Book review: The Complete Phonogram

The Complete PhonogramThe Complete Phonogram by Kieron Gillen
My rating: 5 of 5 stars

Oi. Do you like Britpop? Did you like Britpop? Are you familiar with the psychogeographical pitches resonating through the shitholes of Camden? Did you have a dog in the Blur/Oasis fight? Were you mad for it? Did you think Luke Haines was more arch (and better, let’s face it) than Brett Anderson?

Oh, and do you like magic(k)?

If the answer to any of those was affirmative, you’re gonna love this book. And I mean love.

Phonogram was, sporadically, a three-volume, ten-year project. It roped together magic, goddesses and the deep spiritual power that’s exerted when you hear your favourite fucking tune and the hairs on your arms pop up like antennae. Over the course of three volumes, Kieron Gillen’s writing and Jamie McKelvie’s art told the story of a coven of phonomancers – magicians working with musical tools – and of the ruins they leave in their somewhat stylish wakes.

(Some housekeeping early on: I haven’t read this edition. I read (on ComiXology) the three trades that make up this edition. Goodreads didn’t seem to have the three listed here when I was trying to keep records, so I opted for this edition. Still, I read the entire run of the series, which is what this hardback presents. Though some cursory research suggests, I’ll be buying this version anyway because there’s a newly-added Bowie reference. Oh, you pretty things.)

The first volume, Rue Britannia, deals with a falling-apart mage, David Kohl, ten years post-Britpop. The second volume, The Singles Club takes a different narrative approach and shows an evening as a club night Rashomon, reflected through the experiences of various characters in attendance. The third – a volume, The Immaterial Girl, that almost didn’t come to be – provides a suitable conclusion to the series, told as a tale of what happens when power and perfection aren’t enough.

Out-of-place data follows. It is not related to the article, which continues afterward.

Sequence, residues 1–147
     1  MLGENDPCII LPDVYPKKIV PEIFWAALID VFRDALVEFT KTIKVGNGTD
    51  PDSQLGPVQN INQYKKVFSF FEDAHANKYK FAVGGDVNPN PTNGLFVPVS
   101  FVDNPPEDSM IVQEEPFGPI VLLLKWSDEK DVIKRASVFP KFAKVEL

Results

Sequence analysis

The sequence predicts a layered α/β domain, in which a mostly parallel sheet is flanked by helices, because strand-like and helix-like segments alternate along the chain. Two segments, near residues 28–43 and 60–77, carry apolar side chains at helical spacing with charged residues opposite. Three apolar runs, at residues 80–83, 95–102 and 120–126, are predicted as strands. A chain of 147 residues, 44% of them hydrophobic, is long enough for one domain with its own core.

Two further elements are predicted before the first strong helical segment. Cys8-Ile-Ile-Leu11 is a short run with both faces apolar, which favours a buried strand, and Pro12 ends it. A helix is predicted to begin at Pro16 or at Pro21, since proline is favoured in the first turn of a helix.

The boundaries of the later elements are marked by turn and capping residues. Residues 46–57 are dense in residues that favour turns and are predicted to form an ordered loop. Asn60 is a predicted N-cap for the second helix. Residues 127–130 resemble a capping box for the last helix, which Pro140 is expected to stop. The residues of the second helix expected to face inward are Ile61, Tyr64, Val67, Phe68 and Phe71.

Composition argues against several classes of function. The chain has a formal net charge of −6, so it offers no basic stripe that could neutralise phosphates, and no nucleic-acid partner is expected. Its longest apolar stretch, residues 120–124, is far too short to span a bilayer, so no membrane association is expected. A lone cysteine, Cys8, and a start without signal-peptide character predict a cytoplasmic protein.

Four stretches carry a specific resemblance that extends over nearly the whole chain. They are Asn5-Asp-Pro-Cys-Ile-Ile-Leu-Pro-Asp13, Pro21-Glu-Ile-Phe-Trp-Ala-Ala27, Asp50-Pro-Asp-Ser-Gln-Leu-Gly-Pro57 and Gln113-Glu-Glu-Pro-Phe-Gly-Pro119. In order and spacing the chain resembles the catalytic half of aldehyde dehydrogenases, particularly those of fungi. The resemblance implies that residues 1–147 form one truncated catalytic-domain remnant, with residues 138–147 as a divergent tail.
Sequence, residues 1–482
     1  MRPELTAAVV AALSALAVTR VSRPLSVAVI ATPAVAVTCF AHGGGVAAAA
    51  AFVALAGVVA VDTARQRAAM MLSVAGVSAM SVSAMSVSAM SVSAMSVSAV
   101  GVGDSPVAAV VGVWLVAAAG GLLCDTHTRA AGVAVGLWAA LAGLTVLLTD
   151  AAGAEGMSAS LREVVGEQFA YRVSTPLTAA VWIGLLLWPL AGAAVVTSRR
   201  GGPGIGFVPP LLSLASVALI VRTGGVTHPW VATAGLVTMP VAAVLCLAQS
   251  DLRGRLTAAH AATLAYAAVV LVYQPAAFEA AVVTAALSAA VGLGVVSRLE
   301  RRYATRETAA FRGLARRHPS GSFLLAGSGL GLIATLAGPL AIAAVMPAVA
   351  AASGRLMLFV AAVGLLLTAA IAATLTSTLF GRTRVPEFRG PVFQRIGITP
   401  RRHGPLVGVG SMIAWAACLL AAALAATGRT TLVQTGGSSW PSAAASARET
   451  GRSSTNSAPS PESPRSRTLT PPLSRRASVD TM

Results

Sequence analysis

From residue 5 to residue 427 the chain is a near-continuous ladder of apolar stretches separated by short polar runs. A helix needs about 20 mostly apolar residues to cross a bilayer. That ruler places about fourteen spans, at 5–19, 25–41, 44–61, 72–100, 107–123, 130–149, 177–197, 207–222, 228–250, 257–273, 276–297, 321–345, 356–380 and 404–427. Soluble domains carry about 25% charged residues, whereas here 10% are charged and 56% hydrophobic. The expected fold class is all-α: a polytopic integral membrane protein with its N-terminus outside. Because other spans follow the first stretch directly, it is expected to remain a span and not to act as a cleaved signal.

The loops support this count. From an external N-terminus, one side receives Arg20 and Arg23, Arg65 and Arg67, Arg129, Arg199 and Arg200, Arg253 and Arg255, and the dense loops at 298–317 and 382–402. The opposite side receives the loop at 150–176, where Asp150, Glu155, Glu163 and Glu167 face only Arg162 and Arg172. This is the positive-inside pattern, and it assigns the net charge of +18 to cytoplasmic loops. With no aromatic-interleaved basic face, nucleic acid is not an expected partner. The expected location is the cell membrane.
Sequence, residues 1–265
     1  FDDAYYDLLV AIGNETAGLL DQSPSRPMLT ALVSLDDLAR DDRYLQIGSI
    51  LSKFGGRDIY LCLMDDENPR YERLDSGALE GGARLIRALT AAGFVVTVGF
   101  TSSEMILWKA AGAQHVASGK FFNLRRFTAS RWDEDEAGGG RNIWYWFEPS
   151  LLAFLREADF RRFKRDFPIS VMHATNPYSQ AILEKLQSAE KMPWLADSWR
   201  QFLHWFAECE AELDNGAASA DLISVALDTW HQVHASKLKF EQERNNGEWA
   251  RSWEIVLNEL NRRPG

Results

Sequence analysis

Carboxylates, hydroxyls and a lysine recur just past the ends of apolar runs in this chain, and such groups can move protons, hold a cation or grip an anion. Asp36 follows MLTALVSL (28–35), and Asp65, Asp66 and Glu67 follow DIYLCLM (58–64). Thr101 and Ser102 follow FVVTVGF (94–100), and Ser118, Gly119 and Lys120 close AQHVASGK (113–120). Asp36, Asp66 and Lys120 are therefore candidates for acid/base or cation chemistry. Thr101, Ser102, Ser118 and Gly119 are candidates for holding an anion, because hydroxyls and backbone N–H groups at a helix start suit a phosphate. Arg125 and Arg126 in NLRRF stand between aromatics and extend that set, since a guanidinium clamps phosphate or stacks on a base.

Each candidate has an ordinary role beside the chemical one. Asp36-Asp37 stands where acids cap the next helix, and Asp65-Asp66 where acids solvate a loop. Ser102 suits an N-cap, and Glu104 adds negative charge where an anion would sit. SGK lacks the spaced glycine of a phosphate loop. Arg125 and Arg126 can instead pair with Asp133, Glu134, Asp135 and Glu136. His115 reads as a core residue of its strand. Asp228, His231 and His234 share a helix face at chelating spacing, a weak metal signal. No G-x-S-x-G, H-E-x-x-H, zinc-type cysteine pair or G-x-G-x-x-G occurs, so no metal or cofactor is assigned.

I really don’t want to spoil the narrative drive of the series, because I found myself consuming this with glee, and would hate to rob someone else of a similar joy. Suffice it to say that it’s smart – or smartarse – and is more concerned with gettin’ old than you would imagine, given the perennially youthful image of Britpop, all terylene and two fingers in the air. There’s a lot in here about identity, and about the role music (and videos) play in the formation of same. From a magic viewpoint, there’s a sort of Grant Morrison feeling to some of the ideas, but they seem less – well, less self-important than some stuff you’d find in something like The Invisibles, say.

(Though is that Morrison in there, early on, sucking the life-force out of dance floors? Hmm.)

The art is clean and crisp. It’s detailed when it needs to be (and displays some finely restrained colouring) and it serves the story well. Honestly, the uniformity of design throughout the run is reassuring – in other comics where artists have rotated in and out, I’ve sometimes found it hard to fall through the page again; not so, here.

At its heart, Phonogram is a cluster bomb, just as the best Pulp songs are. It’s at once silly and deeply sad, a world that you don’t really belong in but that you understand almost instinctively. It makes you feel shit and great at the same time, and it’s that tug-of-war between happiness and sadness that typifies, I think, the best Britpop. It’s all over this work. If you’ve ever believed in the songs that saved your life, then you’re a phonomancer too, kid.

Hop to it.

My Goodreads profile is here.

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